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Parashah Bo Moses and the Ten Plagues

The following commentary on “Parashah Bo” (Exodus 10:1-13:16) deals with the last three of the Ten Plagues. For the first seven plagues, see commentary on “Parashah Va’era”.

“ADONAI said to Moshe, ‘Go to Pharaoh, for I have made him and his servants hardhearted, so that I can demonstrate these signs of mine among them, so that you can tell your son and grandson about what I did to Egypt and about my signs that I demonstrated among them, and so that you will all know that I am ADONAI.'” Exodus 10:1-2. “Bo” is translated as “go” in English, and is taken from God’s command to Moshe, sending him back to Pharaoh at the beginning of this parashah. Note specifically how God tells Moshe that he is the one who has made Pharaoh’s heart hard, and why. This connection will be pointed out in summary.

A first point in studying this passage is that virtually every occurrence in the narrative happens for clearly God-ordained reasons. After Moshe arrives, Pharaoh himself echoes the thought and tells him “Bo” – “Go, worship ADONAI your God” – but, in doing so, Pharaoh is compelled to admit openly that God will be with them if he does let them go! Pharaoh next tries to negotiate with God – but God uses it as the occasion for locusts to destroy what was left by the previous plague of hail, bringing more glory to himself and more woe to Egypt! Then, after the locusts get through with Pharaoh’s country, he has the gall to contact Moshe and Aharon again (as if he plans to listen to anything they have to say) – after literally driving them out, here he comes hurrying to summon them – but again he is compelled to make a key admission. “I have sinned against ADONAI your God and against you. Now, therefore, please forgive my sin just this once; and intercede with ADONAI your God.” And then he hardens his heart again – and there is darkness for three days and nights in Egypt, but not over the area the people of Israel lived.

I see two big problems with Pharaoh here. First of all, is he not wise enough to realize that he had just tossed Moshe and Aharon out on their ear, and now he calls them back? Second of all, he thinks that he only needs to be forgiven once – just this once. “Please forgive my sin just this once; and intercede with ADONAI your God.” I hope none of us are so clueless.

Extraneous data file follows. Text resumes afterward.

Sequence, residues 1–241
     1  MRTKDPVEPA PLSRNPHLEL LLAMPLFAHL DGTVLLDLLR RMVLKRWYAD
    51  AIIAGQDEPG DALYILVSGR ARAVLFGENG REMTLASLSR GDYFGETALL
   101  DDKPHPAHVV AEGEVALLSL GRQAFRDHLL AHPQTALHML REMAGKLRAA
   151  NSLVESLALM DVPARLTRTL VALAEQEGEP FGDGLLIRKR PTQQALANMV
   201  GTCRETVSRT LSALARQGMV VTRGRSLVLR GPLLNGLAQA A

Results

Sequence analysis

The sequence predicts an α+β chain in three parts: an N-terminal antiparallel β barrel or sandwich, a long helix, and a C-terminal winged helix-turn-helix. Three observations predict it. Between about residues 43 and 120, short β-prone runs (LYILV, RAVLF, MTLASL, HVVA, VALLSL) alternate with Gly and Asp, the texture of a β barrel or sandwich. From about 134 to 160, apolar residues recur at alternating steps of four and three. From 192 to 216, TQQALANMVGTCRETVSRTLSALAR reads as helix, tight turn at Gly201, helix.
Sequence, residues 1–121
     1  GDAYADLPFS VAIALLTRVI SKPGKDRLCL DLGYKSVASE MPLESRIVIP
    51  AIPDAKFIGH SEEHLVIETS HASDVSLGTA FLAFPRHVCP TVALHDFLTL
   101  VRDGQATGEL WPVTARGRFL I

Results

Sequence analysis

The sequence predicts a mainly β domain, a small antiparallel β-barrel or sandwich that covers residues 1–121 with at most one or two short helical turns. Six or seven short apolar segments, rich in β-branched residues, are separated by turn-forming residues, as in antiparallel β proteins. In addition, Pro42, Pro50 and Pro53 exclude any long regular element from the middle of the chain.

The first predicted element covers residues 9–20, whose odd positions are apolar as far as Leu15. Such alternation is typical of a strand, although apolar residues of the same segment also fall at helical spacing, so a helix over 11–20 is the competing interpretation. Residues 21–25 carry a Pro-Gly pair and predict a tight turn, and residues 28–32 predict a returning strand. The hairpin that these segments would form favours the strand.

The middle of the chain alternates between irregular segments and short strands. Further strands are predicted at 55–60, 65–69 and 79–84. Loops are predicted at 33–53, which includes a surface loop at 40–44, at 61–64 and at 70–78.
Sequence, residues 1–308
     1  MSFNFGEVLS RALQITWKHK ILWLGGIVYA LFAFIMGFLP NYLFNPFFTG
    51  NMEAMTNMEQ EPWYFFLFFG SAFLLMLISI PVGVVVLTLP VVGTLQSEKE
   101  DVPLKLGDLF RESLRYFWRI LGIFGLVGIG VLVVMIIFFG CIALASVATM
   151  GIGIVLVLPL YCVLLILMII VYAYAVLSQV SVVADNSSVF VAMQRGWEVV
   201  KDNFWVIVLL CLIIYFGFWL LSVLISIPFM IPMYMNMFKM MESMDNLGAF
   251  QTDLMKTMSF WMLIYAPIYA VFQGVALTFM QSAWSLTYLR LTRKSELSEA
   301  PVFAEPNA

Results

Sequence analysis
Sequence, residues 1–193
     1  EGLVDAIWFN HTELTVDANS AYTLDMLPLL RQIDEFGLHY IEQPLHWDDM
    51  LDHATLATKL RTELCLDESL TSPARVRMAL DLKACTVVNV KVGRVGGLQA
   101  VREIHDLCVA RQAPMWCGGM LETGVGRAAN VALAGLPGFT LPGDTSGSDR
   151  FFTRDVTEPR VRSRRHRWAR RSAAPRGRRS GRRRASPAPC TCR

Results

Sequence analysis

God has certainly been involved all this time, as he said originally – “I have made him and his servants hardhearted” – and repeatedly within this parashah. But Pharaoh rejects the request to go worship, in spite of the pleadings of his servants. Pharaoh instead keeps trying to negotiate with God. First he says, “Go …. but …. just the men among you.” Then he says, “Go, worship ADONAI; only leave your flocks and herds behind – your children may go with you.” Moshe responds, “Our livestock will also go with us – not a hoof will be left behind – because … we don’t know which ones we will need to worship ADONAI until we get there.” Pharaoh’s negotiation, and unwillingness to meet God on his terms, breaks down. He finally says “Bo” again, with an ultimatum: “And you had better not see my face again, because the day you see my face, you will die!”

Then Moshe replies, “Well spoken! I will see your face no more.” Before Pharaoh, that takes significant boldness and growth for Moshe to say. Formerly Moshe wanted Aharon to do all the speaking for him, and made every excuse he could think of to get out of following God’s call; now he is boldly proclaiming God’s word to Pharaoh under threat of death. Now that is a work of grace, an Act of God!

In the meantime, God has said to Moshe, “One more plague … he will let you leave here …. He will throw you out completely!” And he has told Moshe something seemingly strange on the surface. “Tell the people that every man is to ask his neighbor and every woman her neighbor for gold and silver jewelry.” Just as ADONAI had hardened Pharaoh’s heart, he now softens the hearts of the Egyptian people and makes them favorably disposed to this request, thus paying the Hebrews their proper earnings due from their being unjustly enslaved.